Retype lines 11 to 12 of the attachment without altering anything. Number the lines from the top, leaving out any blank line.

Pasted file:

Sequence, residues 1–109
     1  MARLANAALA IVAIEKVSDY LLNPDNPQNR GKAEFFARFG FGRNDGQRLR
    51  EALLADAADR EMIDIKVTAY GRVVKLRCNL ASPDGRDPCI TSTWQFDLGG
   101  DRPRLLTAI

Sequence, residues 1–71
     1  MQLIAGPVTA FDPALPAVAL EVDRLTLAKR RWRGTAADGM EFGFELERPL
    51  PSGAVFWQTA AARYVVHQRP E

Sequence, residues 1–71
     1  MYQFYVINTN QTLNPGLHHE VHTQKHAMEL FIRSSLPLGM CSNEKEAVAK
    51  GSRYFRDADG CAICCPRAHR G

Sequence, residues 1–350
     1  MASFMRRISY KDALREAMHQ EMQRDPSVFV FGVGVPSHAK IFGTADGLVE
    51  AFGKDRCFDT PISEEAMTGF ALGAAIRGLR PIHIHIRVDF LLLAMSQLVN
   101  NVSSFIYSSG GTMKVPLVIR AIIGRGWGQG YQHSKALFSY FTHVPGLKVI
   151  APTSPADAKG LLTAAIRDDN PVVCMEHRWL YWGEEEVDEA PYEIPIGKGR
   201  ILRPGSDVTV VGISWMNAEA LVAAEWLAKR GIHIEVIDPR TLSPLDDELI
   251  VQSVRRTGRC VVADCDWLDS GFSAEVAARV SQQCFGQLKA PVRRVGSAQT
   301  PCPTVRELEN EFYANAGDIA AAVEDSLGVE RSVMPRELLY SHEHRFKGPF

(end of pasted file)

Sequence, residues 1–350
     1  MASFMRRISY KDALREAMHQ EMQRDPSVFV FGVGVPSHAK IFGTADGLVE